Author Guest Post: David Maidment
A Privileged Journey
Over the past three or four years I’ve given talks to many railway clubs and groups and am often asked to share my experiences as a railway enthusiast boy and young man, which seems to resonate with so many of us brought up in the nineteen-forties and fifties. For then most small boys were trainspotters – and no-one seemed to worry that were allowed to roam round Britain’s railway stations with a duffle-bag filled with a notebook and pencil, an Ian Allan ABC spotters’ book, a few sandwiches, a fruit pie and a bottle of Tizer. I just had to visit my cousin, a district nurse, to get the smuts from my eyes after a day round the London termini.
When I was thirteen I was moved from a Grammar school to a public school through a scheme run by the County Council and remember well my local barber telling me that, if I was to survive at a posh school, I’d need to change my affections from trains to planes and fast cars. He was wrong – a few of us rescued the school’s moribund railway club by hiring those old British Transport films and charging 3d to attend a showing. We ran two every term, but offered free entry for those who joined the club – 6d a year. Half the school – 300 – joined and the cash flow obtained in October funded a decent subsidy on all our club visits!
Then college days provided more experiences. I travelled daily from my home in Woking to Waterloo, subsidised by a County Council grant which paid for my annual season ticket – £33. As I was studying German language and literature, in the second and third years when I had many study free periods, I’d take my books to Waterloo and spend the day sailing up and down the south western mainline behind King Arthurs, Lord Nelsons, Schools and Bulleid pacifics even managing at the same time to research my specialist subject – stylistic analysis of mediaeval German epic poetry (very useful in my later railway career!). As most of the poems were based on the Arthurian legends, I did learn the source of some of the names of the engines behind which I was riding. Three months spent at Munich University in the summer of 1959 introduced me to the former Bavarian four-cylinder compound pacifics that brought the ‘schnellzügen’ in from the Swiss border – I learnt more German at the Hauptbahnhof than in college lectures there.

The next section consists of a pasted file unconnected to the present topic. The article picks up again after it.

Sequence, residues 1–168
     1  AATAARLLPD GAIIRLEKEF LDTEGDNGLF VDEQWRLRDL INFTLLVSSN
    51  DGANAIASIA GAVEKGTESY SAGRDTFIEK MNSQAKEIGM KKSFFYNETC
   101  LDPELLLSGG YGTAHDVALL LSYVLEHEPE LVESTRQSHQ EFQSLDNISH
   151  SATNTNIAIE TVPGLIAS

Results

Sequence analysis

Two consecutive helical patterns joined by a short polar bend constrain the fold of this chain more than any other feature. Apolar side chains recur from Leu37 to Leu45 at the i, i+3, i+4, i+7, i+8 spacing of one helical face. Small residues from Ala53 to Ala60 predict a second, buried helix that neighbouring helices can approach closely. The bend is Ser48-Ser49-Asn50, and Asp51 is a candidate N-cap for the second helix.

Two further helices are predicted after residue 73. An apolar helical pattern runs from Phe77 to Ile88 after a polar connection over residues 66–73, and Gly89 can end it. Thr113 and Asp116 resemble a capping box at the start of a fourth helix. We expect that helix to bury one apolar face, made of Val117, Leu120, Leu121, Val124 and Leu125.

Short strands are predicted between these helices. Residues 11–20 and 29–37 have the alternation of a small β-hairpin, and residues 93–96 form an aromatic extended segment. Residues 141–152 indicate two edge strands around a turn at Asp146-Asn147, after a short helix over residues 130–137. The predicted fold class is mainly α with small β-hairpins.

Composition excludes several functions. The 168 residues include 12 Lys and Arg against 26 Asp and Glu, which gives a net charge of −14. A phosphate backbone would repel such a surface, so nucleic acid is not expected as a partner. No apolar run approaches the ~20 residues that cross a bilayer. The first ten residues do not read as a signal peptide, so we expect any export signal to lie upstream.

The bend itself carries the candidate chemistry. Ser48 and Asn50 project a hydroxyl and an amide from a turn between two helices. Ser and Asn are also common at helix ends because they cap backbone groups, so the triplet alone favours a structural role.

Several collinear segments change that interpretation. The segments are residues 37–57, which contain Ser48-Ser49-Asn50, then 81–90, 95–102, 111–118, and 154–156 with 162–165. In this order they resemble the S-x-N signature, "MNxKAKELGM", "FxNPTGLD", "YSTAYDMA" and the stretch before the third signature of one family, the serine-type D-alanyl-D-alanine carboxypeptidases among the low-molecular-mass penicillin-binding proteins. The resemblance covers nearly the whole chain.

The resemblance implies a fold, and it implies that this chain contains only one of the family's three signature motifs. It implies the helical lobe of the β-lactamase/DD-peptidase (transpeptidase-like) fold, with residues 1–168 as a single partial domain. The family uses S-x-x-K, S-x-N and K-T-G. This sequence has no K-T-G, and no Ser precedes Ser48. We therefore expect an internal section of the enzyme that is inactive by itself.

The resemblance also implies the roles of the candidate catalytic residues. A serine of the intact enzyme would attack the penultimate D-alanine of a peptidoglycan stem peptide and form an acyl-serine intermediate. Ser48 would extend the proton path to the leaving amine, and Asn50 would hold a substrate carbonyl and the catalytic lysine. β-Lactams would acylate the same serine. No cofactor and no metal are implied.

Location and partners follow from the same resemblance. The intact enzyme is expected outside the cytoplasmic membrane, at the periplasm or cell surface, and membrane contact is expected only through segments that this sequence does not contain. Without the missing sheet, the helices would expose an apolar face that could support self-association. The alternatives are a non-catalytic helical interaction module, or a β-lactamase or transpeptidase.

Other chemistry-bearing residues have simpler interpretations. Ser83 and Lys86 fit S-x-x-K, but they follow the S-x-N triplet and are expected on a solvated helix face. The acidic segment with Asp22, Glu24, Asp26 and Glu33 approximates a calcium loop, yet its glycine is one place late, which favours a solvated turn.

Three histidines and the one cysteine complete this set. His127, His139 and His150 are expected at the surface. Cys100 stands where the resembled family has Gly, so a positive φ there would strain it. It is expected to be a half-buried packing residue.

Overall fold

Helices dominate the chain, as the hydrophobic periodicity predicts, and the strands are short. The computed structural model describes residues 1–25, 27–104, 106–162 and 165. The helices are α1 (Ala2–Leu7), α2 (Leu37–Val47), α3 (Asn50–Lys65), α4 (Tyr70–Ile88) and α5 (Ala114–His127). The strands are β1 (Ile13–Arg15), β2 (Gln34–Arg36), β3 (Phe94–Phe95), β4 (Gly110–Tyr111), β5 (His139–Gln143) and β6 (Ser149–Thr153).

When I graduated I turned my hobby into my career and was selected to be a ‘Traffic Apprentice’ (management trainee) on BR’s Western Region. I’d spent my college holidays working at Old Oak Common covering a longterm sickness post in the Chief Mechanical Foreman’s office, compiling the depot’s engine history cards – each engine’s coal and oil consumption, mileage, repair record and planning their visits for overhaul at Swindon Works. I embarrassed the other clerks by finishing my work on most days in a couple of hours and I was told to arrive late, take a two-hour lunch break and wander round the shed in the afternoon helping different fitters as no-one wanted to alert management to the real workload of the job, lest the sick clerk was made redundant. So in 1962, when I was due to spend three months as part of my training at an engine shed, they sent me back to Old Oak Common of all places. I should have had a footplate pass for three of the weeks for the WR’s Reading Division, but the shedmaster, who knew and approved my enthusiasm, called me in and gave me a three month driver’s route learning cab pass covering Paddington to Penzance, Fishguard and Chester and all stations in-between. And I was getting paid for driving and firing Kings and Castles by day (under some tuition) and 47XX 2-8-0s on night freights!
All these experiences and many more are recounted in my book A Privileged Journey which was published as a hard-back by Pen & Sword in 2015. It is now out of print, but I welcome the company’s decision to reprint it, together with my photos from those years, in paper-back format. And if you share my journey and are keen to follow more, the sequel covering from 1962 to the end of my railway career in 1996, is still available in Pen & Sword’s hard-back, An Indian Summer of Steam.
A Privileged Journey by David Maidment is available to preorder now from Pen and Sword Books.